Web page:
Teaching Spell Mastery

Big haymaker spells are exciting, especially for new players. I would also follow the Portal method, including only sorceries over instants with a new player’s first deck and including a card like Day of Judgment over Wrath of God to work around the explanation of regeneration for the time being. But I do think that enchantments and artifacts are a cool part of the game that in limited amounts—say ten in the sixty nonland cards—should not add too much to board complexity. Think Glorious Anthem, Temple Bell, and Knighthood.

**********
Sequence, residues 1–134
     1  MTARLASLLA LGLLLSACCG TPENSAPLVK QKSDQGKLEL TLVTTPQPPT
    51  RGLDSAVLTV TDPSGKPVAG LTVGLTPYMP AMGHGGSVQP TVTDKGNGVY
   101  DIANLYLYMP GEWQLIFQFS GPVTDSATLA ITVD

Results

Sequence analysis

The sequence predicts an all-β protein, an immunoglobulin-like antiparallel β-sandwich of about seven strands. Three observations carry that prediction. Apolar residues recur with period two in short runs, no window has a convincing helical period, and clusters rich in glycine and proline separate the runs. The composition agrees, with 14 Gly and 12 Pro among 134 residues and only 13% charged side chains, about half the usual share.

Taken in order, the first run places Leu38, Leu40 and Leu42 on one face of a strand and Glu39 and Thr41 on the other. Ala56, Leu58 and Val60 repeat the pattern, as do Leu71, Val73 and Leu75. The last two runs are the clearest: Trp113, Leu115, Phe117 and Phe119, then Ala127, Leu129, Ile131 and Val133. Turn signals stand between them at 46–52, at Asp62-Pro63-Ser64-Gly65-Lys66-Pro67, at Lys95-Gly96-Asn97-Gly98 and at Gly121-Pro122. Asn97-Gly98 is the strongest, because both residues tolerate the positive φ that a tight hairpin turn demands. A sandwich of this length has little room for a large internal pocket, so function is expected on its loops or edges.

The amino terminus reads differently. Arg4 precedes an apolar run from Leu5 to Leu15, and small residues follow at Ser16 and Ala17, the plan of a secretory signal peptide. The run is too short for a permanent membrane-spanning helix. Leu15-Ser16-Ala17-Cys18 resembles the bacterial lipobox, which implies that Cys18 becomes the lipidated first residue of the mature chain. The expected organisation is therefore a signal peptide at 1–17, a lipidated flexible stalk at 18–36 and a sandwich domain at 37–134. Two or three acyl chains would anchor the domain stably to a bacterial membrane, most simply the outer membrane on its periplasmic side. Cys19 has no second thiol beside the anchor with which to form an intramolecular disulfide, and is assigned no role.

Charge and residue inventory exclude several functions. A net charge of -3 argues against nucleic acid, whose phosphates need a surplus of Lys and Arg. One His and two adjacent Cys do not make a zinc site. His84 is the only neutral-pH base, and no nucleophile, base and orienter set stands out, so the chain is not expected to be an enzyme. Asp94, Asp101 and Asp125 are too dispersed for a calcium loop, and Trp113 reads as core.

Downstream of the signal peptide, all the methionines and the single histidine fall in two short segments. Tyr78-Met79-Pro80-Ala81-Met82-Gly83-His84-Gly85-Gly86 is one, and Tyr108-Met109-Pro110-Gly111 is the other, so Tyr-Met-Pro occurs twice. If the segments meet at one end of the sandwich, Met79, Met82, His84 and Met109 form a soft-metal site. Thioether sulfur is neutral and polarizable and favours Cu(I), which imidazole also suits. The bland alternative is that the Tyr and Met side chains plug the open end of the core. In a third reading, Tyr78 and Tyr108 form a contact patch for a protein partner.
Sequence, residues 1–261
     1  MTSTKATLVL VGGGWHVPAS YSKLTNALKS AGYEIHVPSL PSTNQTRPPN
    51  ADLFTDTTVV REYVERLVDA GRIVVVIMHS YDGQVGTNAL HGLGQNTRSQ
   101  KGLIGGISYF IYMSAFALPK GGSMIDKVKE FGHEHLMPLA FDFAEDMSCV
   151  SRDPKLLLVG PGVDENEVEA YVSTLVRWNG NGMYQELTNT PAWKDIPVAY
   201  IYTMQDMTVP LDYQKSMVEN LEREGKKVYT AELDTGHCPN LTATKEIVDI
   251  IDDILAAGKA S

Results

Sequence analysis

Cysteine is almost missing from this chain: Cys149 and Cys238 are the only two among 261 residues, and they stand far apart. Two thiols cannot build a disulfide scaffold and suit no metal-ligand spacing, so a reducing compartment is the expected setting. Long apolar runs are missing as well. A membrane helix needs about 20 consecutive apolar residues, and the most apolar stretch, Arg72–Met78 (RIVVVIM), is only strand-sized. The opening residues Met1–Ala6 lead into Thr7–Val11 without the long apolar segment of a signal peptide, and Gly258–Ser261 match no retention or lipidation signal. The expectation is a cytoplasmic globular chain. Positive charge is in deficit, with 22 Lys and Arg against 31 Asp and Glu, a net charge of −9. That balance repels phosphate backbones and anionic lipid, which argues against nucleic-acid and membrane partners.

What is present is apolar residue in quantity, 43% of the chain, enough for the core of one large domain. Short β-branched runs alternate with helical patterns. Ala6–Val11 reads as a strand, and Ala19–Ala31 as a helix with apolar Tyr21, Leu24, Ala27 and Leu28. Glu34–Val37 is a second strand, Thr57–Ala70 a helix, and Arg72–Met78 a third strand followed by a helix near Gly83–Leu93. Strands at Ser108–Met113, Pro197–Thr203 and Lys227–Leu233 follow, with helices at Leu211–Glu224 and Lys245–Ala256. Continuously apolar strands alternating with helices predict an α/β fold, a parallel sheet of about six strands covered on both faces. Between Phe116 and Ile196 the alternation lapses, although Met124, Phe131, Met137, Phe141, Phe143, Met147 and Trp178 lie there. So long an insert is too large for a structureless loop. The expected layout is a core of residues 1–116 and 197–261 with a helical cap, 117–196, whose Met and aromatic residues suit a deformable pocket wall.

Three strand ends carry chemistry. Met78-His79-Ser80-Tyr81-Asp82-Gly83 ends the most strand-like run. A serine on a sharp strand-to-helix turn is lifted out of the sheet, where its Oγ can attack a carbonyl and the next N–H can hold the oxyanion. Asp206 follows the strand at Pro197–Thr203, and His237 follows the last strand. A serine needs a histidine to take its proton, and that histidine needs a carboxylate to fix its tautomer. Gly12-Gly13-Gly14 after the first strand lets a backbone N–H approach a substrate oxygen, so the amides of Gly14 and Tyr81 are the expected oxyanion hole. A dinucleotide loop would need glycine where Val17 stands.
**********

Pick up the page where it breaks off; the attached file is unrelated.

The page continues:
I don’t know where exactly I might fall with auras and equipment. They were the kinds of things that were very exciting as a new player, but I will also admit were something that didn’t always get played correctly as my neighbor and I were first investigating game in late 2002. Auras are the tightrope. They feel really exciting, but also really demoralizing when you start to realize how removal spells become blowouts. I think trying to find the fun and including something like Holy Strength or Spirit Mantle, and later Empyrial Armor, can make for jaw-dropping moments.